From The Rolling Stones to Slippery Rock: acclaimed trombonist to visit SRU
Michael Davis, a former trombone player for artists including Frank Sinatra and The Rolling Stones, will conduct a workshop and lecture for Slippery Rock University jazz students, Feb. 1, after performing at the Grammy Awards earlier in the week.
Jan. 29, 2018
SLIPPERY ROCK, Pa. - Four days after performing at the 2018 Grammy Awards, Michael Davis will be at Slippery Rock University to work with jazz students. The former trombonist for Frank Sinatra and The Rolling Stones, Davis doesn't mind squeezing in a visit to western Pennsylvania, even with a schedule that includes recording sessions for the upcoming movie "The Incredibles 2" and performing for the Broadway musical "SpongeBob SquarePants."
"It's always a good experience coming to Slippery Rock," said Davis, who previously stopped at SRU in 2014 as a jazz ensemble guest soloist and to talk to jazz students under the direction of Jason Kush, associate professor of music. "It's great working with Jason, and his students are terrific, so when the invitation came again it didn't take me long to say 'yes.'"
Davis, a veteran of 35 years in the music industry, will conduct a workshop and lecture at 3:30 p.m., Feb. 1 in Swope Music Hall, where he will offer performance and professional advice. Altogether, he will spend three days in Slippery Rock where he will direct a high school honors jazz ensemble that has rehearsals on Feb. 2-3 in advance of the Pennsylvania Music Educators Association's District Jazz Concert at 2 p.m., Feb. 3 at Swope Music Hall. SRU has hosted the concert for high school honors musicians from Butler, Lawrence and Beaver counties for more than 20 years.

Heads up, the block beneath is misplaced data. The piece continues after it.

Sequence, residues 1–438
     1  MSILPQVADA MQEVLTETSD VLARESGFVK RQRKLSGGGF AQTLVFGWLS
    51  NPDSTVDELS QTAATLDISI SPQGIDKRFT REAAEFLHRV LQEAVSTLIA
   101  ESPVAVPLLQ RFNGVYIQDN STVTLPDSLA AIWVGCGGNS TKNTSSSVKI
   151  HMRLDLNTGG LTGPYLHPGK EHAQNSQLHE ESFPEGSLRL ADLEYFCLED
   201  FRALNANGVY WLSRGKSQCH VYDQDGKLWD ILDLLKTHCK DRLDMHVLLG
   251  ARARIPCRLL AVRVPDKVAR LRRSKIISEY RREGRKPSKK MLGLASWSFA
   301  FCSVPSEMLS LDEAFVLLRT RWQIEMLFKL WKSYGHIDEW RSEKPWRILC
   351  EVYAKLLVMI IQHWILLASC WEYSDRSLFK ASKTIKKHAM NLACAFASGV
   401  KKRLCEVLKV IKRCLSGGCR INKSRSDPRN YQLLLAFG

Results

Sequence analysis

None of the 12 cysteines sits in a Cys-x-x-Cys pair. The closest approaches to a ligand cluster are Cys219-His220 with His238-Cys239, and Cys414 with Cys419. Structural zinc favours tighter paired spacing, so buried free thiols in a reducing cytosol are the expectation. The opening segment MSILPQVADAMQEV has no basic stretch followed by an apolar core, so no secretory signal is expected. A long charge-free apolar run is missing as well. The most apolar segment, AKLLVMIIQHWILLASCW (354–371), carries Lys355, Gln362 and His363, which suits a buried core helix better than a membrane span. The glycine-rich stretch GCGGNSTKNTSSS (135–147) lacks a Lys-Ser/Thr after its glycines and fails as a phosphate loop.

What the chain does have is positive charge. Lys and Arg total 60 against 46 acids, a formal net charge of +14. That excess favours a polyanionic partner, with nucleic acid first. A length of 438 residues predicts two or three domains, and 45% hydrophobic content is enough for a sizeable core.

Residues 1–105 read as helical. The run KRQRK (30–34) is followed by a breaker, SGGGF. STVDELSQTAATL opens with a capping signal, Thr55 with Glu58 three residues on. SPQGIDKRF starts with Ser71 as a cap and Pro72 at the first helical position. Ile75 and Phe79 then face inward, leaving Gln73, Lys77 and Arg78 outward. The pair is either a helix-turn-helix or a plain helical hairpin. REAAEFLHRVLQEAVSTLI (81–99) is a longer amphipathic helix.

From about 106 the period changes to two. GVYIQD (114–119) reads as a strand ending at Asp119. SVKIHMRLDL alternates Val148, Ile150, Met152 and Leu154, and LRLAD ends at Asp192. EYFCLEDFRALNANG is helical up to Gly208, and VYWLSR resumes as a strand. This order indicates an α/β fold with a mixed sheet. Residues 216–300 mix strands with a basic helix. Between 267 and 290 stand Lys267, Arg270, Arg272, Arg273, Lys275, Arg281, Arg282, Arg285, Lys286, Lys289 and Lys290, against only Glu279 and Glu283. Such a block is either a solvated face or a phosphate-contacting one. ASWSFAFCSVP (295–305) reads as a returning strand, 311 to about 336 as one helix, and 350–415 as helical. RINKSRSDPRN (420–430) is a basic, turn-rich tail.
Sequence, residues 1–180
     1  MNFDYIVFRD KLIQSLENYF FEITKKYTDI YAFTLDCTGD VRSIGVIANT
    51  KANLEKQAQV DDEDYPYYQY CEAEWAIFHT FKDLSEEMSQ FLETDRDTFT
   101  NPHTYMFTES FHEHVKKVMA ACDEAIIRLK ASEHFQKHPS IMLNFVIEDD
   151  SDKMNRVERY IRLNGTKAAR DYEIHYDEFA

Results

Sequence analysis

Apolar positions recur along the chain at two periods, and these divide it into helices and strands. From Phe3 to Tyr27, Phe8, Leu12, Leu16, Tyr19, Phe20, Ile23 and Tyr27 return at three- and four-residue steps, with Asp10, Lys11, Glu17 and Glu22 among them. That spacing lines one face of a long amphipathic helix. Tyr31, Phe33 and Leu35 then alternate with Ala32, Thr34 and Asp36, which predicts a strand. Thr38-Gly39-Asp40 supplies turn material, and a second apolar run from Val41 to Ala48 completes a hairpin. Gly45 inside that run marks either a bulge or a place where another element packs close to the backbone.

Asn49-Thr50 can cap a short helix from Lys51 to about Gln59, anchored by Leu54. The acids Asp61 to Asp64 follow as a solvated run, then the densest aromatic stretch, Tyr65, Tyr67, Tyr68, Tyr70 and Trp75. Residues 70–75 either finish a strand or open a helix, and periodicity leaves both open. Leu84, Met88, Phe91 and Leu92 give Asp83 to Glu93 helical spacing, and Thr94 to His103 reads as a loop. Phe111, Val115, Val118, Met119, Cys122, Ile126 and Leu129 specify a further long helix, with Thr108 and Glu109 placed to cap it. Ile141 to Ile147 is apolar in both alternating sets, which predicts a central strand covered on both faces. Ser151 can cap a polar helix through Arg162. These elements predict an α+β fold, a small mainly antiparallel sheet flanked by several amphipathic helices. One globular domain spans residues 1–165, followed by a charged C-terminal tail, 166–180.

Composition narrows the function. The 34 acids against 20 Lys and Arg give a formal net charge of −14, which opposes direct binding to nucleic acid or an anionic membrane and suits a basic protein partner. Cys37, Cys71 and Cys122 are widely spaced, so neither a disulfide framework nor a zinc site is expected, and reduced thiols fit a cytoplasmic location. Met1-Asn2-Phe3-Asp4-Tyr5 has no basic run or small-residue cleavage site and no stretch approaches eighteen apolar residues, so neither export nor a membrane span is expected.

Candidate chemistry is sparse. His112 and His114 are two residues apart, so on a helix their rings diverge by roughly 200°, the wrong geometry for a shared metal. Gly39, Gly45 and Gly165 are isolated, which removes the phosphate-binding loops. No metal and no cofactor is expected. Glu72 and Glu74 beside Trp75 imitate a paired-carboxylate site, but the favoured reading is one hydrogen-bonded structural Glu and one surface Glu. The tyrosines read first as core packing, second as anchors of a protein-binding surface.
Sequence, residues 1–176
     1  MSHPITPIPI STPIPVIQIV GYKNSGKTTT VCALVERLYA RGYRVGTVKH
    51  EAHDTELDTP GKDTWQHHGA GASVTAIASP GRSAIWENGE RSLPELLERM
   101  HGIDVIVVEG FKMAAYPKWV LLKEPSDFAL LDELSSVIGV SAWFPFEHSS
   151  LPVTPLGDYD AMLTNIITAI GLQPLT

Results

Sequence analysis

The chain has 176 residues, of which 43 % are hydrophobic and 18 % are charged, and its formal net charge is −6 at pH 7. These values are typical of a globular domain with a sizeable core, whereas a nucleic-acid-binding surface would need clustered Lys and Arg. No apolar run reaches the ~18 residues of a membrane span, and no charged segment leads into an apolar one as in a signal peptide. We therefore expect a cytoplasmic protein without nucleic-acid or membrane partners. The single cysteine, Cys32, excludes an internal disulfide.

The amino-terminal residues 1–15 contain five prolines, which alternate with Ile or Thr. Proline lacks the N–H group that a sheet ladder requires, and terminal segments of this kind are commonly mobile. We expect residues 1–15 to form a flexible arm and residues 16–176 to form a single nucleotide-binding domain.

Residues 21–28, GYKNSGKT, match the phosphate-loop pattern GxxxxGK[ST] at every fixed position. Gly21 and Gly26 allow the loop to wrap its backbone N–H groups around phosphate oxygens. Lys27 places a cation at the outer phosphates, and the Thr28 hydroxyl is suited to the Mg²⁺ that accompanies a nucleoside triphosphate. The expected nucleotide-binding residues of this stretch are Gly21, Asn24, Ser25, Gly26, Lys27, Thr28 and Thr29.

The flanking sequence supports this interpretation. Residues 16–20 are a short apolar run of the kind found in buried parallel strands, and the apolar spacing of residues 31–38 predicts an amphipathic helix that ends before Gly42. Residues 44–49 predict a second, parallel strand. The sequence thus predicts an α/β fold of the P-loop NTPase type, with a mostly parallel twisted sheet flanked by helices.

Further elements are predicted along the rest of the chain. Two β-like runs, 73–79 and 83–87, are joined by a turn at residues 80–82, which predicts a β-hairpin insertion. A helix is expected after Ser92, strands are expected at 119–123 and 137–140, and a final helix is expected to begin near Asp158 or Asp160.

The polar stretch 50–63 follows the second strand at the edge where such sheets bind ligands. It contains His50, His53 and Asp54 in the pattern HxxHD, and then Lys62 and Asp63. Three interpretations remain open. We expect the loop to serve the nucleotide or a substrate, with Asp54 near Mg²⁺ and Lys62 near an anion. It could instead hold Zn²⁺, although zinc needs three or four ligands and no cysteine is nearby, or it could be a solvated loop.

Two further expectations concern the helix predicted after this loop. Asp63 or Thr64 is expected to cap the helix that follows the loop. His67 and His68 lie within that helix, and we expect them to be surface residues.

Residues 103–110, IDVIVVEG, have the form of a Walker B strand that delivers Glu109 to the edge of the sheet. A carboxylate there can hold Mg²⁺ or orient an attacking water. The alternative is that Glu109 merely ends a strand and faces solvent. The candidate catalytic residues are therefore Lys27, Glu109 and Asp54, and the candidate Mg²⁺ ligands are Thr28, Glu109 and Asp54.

"We're always trying to get the highest professionals that we have contacts with to come here to talk with students," said Kush, who knows Davis through mutual acquaintances in the music world, some of which stem from the University of Miami where Kush earned his doctoral degree and Davis has served as a guest lecturer. "Not only (do we seek) professionals who play well and are experts in their field, but those who can connect with students and put their thoughts into words very well, are personable and open to questions and are generally good people. Mike's the best in every category."
Aside from offering pointers about techniques for brass players and entrepreneurship in the music industry, Davis said he plans to echo a lot of Kush's direction while also adding his unique perspective.
"When you have an educator and a musician with the stature that Jason has, it's pretty easy because you come in and the band is already in really good shape," said Davis, who visits with approximately a dozen college groups each year. "I'll just add my perspective, which will be a combination of elements from good ensemble playing, to stepping out as a soloist and the expectations there, and then all the way to what it's like to be a professional musician."
Davis likely will be asked what it was like to tour with the legendary Rolling Stones, with whom he toured five times from 1994-2007, flying in a private jet with a traveling party of 35 and staying in lavish hotels.